1) What kind of TV do you have?
Most importantly, what type of connections do you have on the back of your TV. For most of you, you will find any/some of the following:
HDMI (best and most common on TVs < 5 years old)
DVI (good and common on TVs <10 years old without HDMI)
Component (Red/White/Yellow/Green/Blue. Common on HD tv’s)
RCA (Red/White/Yellow, common on TV’s before HD)
S-Video (Yellow circular plug, somewhat common on TV’s before HD)
Coaxial / SCART (Basically standard on all TV’s in the last 25 years).
An HDMI connector will look like this:
A DVI connector and cord will look like this:
2) What are you going to connect to the TV?
You have a wide range of devices you can connect to your TV. First, and probably easiest, is an old computer that you might have lying around, such as a laptop you no longer need or a desktop. Find a place for it behind the television and connect it via the HDMI or DVI ports.
Other options include what are known as “streaming devices”. Apple TV is an example of a streaming device, as is the Roku and Western Digital Live devices. These connect to your home network and then to the net to bring you content from all over the world. I personally prefer a Mac Mini as it gives me more options for content to watch.
If you do opt for an old computer, you should consider buying a wireless keyboard and a mouse, or more preferably a trackpad. Why a trackpad? It looks better on your couch and it doesn’t get as thrown around / beat up as a mouse.
And as strange as it sounds, there is a great deal of content that is “over the air” for free. You should consider attaching an antenna to your TV to pull in a number of free signals from the major networks, PBS, and the independent channels in your area. Because cable companies compress the quality of the HD signal over their lines, you may found that HD over the air is actually clearer than what you were getting with cable. To see what signals you can get over the air, check out the broadcasters Antenna Web site and input your details.
3) What are you going to watch?
This is where it gets fun, and this is also where you start to make a change in your viewing habits.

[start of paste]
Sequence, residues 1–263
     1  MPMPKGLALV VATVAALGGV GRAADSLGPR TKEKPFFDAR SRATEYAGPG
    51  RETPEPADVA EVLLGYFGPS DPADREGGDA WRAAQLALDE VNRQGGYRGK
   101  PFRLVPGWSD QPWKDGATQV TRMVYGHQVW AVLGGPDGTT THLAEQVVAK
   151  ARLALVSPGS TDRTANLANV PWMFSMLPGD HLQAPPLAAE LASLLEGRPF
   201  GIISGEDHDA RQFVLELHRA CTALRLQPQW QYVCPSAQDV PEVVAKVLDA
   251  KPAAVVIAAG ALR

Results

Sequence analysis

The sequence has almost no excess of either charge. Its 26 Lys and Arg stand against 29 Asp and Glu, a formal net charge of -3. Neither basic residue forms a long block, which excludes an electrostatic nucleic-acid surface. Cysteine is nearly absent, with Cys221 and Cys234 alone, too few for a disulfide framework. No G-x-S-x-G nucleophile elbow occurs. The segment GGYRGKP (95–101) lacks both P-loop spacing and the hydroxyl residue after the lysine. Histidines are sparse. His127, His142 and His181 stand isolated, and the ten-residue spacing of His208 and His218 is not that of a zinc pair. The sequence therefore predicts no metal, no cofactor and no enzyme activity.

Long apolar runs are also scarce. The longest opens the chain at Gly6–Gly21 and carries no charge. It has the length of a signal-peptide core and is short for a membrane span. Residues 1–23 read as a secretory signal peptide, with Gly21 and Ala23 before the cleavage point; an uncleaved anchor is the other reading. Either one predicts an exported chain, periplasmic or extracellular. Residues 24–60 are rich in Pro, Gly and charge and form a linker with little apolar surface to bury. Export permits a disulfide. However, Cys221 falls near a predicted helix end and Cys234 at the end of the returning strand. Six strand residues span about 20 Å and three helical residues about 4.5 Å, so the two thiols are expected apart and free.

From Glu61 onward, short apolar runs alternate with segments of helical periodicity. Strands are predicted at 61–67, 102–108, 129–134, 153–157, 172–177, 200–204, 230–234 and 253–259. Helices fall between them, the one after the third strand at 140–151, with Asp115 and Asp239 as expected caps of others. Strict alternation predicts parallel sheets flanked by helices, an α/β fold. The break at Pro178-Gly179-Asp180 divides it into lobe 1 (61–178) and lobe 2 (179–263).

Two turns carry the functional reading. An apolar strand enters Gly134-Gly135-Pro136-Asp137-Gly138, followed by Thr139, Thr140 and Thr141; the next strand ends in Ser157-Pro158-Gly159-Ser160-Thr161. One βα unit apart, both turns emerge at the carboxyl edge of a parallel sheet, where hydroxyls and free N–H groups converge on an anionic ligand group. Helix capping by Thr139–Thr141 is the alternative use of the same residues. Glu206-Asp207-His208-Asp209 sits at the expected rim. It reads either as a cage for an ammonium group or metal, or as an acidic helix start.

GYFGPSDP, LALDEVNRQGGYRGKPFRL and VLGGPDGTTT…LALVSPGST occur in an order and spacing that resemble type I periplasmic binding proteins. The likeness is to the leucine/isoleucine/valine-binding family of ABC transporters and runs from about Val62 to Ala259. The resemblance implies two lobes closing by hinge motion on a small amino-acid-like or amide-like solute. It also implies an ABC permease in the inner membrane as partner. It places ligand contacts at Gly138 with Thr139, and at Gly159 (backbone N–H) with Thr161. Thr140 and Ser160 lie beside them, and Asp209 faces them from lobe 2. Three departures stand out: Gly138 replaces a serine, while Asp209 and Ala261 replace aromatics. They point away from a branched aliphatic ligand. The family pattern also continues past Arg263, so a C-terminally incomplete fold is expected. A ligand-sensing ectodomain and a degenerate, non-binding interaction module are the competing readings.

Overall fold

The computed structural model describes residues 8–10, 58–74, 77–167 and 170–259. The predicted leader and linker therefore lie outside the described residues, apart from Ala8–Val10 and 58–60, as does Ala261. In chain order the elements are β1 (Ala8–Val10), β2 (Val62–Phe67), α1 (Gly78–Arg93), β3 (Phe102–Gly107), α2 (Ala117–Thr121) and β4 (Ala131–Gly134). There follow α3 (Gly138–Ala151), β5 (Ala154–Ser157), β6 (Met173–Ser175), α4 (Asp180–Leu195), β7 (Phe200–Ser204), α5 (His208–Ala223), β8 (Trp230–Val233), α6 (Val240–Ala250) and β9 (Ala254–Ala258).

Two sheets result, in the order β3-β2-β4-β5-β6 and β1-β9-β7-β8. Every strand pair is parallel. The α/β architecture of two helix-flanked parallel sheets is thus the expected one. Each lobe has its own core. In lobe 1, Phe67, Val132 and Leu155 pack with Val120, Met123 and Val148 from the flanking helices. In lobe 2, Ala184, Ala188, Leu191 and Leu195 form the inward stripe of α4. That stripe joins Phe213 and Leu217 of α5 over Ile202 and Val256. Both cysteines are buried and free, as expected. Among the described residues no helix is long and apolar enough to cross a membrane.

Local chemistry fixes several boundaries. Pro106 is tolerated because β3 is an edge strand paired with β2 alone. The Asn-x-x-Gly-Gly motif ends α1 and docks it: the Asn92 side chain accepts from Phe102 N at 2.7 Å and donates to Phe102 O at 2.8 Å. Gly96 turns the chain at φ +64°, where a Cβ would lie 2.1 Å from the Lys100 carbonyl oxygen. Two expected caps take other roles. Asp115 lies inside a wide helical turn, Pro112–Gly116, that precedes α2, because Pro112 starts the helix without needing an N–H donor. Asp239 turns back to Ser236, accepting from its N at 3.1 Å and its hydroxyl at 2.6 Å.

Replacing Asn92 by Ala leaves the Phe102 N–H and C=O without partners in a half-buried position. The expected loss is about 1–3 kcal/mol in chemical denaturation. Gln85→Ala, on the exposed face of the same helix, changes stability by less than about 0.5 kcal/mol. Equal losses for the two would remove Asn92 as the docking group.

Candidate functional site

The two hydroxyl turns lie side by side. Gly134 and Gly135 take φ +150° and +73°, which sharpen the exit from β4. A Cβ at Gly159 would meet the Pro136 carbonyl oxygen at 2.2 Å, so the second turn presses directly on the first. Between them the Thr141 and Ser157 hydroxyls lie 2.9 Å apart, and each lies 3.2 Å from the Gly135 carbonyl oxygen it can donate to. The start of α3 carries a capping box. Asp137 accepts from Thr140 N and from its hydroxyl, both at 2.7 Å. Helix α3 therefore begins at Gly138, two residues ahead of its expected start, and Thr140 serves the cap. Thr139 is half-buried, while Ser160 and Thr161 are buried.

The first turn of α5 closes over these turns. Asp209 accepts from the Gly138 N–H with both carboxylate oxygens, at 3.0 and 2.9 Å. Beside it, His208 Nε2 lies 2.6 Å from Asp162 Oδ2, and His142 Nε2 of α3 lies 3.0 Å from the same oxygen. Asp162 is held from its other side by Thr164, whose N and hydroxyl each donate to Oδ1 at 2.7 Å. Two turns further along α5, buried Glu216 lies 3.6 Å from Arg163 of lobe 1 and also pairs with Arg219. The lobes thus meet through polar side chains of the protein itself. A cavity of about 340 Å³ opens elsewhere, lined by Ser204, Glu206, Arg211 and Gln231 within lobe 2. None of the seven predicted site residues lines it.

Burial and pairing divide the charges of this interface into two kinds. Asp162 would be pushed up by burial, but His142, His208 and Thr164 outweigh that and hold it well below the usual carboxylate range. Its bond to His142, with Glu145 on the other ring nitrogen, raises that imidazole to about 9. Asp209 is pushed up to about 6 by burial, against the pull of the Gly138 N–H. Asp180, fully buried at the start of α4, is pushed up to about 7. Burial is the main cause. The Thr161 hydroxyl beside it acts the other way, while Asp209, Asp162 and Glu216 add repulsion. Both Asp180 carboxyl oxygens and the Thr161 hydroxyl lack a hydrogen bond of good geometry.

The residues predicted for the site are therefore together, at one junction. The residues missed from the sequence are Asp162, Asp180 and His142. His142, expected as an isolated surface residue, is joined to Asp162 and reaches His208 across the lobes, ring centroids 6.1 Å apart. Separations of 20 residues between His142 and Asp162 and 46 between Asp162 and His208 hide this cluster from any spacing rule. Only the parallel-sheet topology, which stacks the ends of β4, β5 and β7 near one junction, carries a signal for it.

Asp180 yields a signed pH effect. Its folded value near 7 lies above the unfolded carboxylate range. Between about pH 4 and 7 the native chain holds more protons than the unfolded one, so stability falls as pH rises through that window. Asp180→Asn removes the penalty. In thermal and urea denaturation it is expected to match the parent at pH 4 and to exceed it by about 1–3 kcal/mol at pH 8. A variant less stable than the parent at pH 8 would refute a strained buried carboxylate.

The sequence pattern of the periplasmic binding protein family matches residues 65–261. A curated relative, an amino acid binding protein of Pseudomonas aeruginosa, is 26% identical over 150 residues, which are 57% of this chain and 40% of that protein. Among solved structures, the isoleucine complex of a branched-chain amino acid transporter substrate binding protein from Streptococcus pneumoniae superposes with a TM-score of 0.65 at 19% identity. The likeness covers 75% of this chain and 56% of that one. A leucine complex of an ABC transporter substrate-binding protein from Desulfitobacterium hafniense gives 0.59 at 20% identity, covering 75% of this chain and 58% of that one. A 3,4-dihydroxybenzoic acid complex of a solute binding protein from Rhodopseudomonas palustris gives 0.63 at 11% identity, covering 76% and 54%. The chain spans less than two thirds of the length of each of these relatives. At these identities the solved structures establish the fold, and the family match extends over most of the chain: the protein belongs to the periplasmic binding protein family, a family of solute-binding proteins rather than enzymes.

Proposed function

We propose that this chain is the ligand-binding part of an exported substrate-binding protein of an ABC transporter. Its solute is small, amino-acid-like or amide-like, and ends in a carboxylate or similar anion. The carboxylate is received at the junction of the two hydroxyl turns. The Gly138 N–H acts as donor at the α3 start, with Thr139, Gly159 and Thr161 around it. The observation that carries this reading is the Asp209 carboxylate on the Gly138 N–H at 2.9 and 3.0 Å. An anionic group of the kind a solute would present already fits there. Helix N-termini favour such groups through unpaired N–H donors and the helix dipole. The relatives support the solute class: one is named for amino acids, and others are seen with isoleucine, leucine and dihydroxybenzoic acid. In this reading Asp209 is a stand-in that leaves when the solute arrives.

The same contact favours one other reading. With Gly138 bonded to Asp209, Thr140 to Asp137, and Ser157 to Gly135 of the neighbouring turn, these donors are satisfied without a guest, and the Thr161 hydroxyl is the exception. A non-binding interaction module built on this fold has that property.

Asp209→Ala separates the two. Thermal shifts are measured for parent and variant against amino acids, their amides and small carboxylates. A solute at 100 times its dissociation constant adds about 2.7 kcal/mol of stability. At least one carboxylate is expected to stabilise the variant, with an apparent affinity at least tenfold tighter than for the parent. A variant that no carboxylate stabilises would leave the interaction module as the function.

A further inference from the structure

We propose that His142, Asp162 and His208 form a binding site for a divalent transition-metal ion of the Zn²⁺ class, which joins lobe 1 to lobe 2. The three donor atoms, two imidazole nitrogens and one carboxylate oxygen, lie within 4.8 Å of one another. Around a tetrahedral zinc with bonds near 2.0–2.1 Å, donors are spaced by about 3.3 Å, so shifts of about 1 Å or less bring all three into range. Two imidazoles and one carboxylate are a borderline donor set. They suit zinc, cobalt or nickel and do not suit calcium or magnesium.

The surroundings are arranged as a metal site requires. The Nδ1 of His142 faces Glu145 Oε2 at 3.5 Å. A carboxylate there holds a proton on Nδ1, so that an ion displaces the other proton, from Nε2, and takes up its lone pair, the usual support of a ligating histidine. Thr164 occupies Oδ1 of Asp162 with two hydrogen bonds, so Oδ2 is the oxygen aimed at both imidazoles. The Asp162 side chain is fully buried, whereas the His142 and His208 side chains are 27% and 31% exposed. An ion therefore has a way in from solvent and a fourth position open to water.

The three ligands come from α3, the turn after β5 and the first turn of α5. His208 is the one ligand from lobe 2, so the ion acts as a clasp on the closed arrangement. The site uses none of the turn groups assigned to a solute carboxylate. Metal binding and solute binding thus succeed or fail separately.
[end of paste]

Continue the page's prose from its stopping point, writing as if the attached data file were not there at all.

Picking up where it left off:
With a standard TV, you can turn it on and just leave it running, flipping channels as you feel like it seeking out some content. But when you make the switch to Internet TV, you find yourself watching only “what you want to watch” rather than having television on as an ambient background noise. Sure you can put on a stream and have it run all day, but generally you’ll find yourself turning it on and off as needed.
You can start by getting some sort of media management program. You can use iTunes to download and rent movie and TV shows, or you can look into some other media management tools like Plex or the open source XBMC. You can also use your web browser and look through sites like:
ABC, NBC, CBS, Fox
A&E, Discovery, History Channel, etc.
For live television, you can find streams on many of the websites for television stations, but you can also look at streaming specific apps like Livestation and LiveStream, but also sites like JustinTV and UStreamTV.
There are also what are known as peer-to-peer streaming apps, some of which have content that is not copyright safe but still stuff you would like to watch. PPTV and Sopcast are examples of these programs.
4) Going International
There are literally dozens of channels from around the world that have streaming content available, such as the BBC iPlayer and the ABC (Australia) Player. However, many of these are geographically restricted to people who have an IP address in that country.
To get around this, you need a VPN or DNS redirection service. While there are a few you can find for free, if you really want higher quality, you should consider paying for a service like Overplay.net. This gives you a VPN to over 65 countries and can open up a whole world of content no matter where you are living. For example here in Hong Kong I’m streaming BBC 1 ‘Breakfast’ as I type this article.
Read more about my adventures with IPTV as a replacement for cable by searching here.
Read about cutting cable and going fully online for your television.
Normally, it doesn’t take much to get me to watch pretty much anything on the net involving Swedish women.
So things were a bit stretched last night when I found out this was a Swedish woman who was now off the market as she was getting married, but pretty much everything else on TV was worthless so we dove in headfirst to coverage of the Princess of Sweden’s wedding on SVT.se, the Swedish broadcaster.
SVT was pumping a very high quality stream out LIVE of the Royal Wedding, and though we had some buffering issues thanks to our subpar ISP, we managed to get through most of the wedding without too much hassle.
But for those who missed the wedding ceremony, you can go to the archives on SVT.se and find coverage of the arrival, first kiss, dance, cake, horses and Royal Yachts and all that.
SVT Royal Wedding Coverage.
Of course it is in Swedish so listening to it makes about as much sense as reading the product inventory of an Ikea, but you’ll get the general idea here and there.]]>